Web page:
Former Trump campaign manager Paul Manafort was recently convicted on eight counts of bank fraud and tax evasion from about a decade ago, and Manafort faces another trial soon on additional criminal charges related to lobbying on behalf of foreign interests, which he did in the years prior to briefly joining Trump’s team in 2016.
Now, rumors are swirling among the Washington media and political establishment about how Trump will ultimately respond, and though he has reportedly been counseled not to do so, there are some who believe the president will eventually pardon Manafort of those convictions.
According to Politico, who cited “eight current and former administration officials and outside advisers” in their report, some believe that Trump’s kind words for Manafort following his conviction — he called him a “brave man” and a “victim” — could be an effort to lay the groundwork ahead of a pardon or commutation of sentence.
Victim of the ‘witch hunt’
“Trump is setting it up,” a source who identified him or herself as a former official from Trump’s campagin said. “He’s referring to the investigation as a ‘witch hunt’ and saying this never would have happened to an aide to Hillary Clinton.”
Politico reported that three senior aides to the president said Trump has not spoken directly about pardoning Manafort, and Trump attorney Rudy Giuliani said that Trump had agreed to not issue a pardon for Manafort — at least until after the midterm elections.
Manafort’s crimes have nothing to do with Trump or alleged Russian collusion, but they are being persued by Robert Mueller, whose investigation Trump has often called a biased and one-sided “witch hunt” designed to ruin those around him and eventually bring him down as well.
“He certainly does not need to do it,” former House Speaker Newt Gingrich said of the potential pardon. “The things Manafort has been convicted of have nothing to do with Trump.”
Gingrich added: “The president thinks Manafort’s biggest crime was running the Trump campaign. If he had run the Clinton campaign, then he would have gotten immunity and never would have had any problems.”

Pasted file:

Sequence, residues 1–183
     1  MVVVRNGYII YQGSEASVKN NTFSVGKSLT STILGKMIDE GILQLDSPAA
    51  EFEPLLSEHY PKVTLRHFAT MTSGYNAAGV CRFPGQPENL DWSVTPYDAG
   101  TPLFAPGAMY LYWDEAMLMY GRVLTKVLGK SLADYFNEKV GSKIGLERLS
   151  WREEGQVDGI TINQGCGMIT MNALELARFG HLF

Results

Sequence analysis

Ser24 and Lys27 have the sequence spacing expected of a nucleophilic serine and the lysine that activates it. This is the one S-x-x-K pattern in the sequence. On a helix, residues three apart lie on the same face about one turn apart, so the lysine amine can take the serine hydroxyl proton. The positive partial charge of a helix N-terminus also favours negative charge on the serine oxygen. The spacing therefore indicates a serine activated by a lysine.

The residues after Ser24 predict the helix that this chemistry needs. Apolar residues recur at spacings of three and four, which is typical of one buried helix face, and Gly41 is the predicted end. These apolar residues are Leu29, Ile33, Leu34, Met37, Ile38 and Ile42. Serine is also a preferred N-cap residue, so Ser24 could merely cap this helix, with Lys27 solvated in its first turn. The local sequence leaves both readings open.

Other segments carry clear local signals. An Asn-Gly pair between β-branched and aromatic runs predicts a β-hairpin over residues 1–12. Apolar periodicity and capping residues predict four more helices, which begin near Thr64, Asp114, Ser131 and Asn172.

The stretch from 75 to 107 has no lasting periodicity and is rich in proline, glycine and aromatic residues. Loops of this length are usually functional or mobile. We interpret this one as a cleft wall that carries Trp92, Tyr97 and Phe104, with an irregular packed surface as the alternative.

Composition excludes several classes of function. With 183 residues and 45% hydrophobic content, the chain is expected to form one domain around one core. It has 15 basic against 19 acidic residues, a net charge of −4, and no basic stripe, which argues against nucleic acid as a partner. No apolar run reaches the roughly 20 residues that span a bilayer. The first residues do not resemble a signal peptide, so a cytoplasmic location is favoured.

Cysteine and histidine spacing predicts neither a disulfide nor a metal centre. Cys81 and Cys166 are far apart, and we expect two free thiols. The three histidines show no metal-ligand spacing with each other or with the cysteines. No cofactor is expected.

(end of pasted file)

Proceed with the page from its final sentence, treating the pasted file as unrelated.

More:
Potential political firestorm
There is no arguing that President Trump has the executive authority to issue pardons to any individual he chooses, but a pardon in Manafort’s case would undoubtedly spark a political firestorm and prove quite unpopular among the far-left and bipartisan political establishment.
A pardon of Manafort prior to his being tried on all alleged crimes — and prior to the midterm elections — would likely be viewed as an effort to obstruct justice and would be seized upon by Democrats to rally voters in opposition to Trump’s presidency.
But even a pardon of Manafort after the trials and midterm elections are completed would likely cause consternation, as it would be viewed as a signal to other potential witnesses, and may appear as though Trump had walked back his vow to “drain the swamp.”
Trump has reportedly been counseled by many to avoid any appearance of impropriety that would come along with a pardon of Manafort, but the president is known to place great trust his instincts, so there is really no telling if Trump will ever address the controversial topic.